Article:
The Independent National Electoral Commission (INEC) has announced its decision to no longer keep sensitive electoral materials in the Central Bank of Nigeria (CBN).
The chairman of the commission, Professor Mahmood Yakubu, spoke on Saturdday in Abuja at a symposium tagged, The Electorate: A Conversation on Elections in Nigeria.
According to him, the CBN would no longer keep election materials, starting with the Ekiti State governorship poll slated for June 18.
The sensitive materials conserved in the CBN during elections include ballot papers, result sheets, and braille ballot guide for visually-impaired persons, among others.
This comes as controversy surrounds the political interest of the CBN governor, Godwin Emefiele, to contest the 2023 presidential election under the ruling All Progressives Congress (APC).
“We are not going to use the CBN for the Ekiti election. The materials will be moved from our headquarters in Abuja to the airport, then to our state office,” Yakubu added.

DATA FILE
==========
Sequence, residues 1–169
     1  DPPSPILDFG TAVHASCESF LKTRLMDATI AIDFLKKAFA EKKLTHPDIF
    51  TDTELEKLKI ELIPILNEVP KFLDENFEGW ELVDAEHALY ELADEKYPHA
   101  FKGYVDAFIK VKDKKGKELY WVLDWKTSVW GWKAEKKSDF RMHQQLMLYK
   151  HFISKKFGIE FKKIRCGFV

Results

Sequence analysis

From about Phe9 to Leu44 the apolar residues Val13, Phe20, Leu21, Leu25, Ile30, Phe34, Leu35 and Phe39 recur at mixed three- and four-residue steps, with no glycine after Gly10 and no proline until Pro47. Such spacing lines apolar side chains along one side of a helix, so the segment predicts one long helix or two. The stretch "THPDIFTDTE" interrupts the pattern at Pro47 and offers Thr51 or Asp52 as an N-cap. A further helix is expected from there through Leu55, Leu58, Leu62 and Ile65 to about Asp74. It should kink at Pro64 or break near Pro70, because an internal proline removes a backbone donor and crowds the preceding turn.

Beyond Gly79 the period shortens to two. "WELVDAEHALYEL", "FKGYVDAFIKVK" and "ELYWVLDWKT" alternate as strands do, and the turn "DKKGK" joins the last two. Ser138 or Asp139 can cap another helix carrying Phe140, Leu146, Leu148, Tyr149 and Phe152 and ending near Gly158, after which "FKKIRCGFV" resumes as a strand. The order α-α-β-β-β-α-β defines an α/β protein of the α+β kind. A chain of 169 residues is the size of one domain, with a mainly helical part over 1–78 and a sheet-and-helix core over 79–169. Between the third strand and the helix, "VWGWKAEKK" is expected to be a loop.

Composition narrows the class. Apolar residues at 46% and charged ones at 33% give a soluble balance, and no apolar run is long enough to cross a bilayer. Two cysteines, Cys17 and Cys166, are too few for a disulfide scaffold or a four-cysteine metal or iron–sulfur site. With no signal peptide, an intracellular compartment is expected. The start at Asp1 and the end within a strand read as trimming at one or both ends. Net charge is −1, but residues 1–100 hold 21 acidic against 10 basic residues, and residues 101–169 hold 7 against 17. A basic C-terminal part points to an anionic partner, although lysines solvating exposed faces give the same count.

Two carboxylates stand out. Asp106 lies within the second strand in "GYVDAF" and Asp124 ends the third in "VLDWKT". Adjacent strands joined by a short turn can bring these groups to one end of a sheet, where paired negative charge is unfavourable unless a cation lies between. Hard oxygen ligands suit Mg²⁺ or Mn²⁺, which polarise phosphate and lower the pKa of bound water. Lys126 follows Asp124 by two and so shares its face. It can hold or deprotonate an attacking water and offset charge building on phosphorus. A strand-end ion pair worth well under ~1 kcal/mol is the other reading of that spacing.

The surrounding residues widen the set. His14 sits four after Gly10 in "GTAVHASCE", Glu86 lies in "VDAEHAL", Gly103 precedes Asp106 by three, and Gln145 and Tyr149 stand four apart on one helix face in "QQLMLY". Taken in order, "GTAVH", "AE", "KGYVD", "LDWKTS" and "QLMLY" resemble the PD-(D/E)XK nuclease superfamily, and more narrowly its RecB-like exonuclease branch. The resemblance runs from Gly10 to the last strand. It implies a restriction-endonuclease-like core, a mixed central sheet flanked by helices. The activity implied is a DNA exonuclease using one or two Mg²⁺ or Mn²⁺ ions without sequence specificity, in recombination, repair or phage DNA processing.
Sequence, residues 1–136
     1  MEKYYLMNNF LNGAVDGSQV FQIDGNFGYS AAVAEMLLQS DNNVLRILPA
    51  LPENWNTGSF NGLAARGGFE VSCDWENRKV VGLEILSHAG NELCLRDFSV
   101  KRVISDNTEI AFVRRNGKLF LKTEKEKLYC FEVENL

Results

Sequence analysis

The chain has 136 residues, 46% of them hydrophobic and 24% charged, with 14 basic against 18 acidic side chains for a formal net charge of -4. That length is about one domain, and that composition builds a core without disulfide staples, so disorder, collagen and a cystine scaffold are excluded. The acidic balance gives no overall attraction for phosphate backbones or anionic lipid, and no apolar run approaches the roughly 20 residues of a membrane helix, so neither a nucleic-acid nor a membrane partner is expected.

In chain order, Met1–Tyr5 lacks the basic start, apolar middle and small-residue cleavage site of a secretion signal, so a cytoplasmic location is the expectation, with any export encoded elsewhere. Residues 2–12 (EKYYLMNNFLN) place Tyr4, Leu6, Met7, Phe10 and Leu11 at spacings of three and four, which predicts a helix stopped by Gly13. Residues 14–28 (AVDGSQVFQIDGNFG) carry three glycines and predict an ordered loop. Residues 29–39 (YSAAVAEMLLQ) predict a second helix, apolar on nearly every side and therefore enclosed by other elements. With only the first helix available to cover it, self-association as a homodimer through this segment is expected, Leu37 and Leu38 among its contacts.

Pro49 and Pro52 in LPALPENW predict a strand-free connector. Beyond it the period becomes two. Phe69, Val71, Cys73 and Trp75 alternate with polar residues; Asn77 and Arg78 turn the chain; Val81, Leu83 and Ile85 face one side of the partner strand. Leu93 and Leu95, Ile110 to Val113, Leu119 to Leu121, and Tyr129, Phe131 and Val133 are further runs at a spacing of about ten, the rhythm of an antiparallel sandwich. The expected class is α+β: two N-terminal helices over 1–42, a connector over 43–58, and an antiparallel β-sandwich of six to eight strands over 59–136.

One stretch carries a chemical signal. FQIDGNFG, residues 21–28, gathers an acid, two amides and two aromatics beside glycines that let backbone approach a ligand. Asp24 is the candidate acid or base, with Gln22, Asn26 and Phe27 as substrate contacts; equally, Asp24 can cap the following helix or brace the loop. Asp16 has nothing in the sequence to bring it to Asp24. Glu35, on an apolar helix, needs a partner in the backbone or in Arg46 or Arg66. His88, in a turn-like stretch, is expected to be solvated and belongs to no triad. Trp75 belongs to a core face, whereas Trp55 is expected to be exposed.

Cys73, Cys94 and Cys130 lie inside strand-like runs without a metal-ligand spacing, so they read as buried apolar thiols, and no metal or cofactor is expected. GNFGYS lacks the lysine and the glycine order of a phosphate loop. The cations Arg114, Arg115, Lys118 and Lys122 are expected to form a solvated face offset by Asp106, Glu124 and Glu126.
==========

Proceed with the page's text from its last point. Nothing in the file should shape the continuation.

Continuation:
Speaking on the commission’s decision, Yakubu, who avoided a direct response, said the electoral body was testing better ways to secure the materials.
“We are experimenting better ways to secure the processes, so it is not necessarily related to what is happening in the CBN. Our intention is to always improve and take complete ownership of the process.” he said.
Furthermore, the INEC boss said the commission had reacted to the demands of the Economic and Financial Crimes Commission (EFCC) by equipping the anti-graft agency with the bank accounts and other financial details of political parties.
The EFCC had initiated a discreet scrutiny into the finances of the 18 registered political parties in the country and their presidential aspirants after the giant fees paid for expression of interest and nomination forms by aspirants competing for several elective seats.
Yakubu ascertained that the 430million ballot papers to be used in the 2023 elections would be printed in Nigeria. He said the preference of the commission had always been to print the sensitive materials within the nation.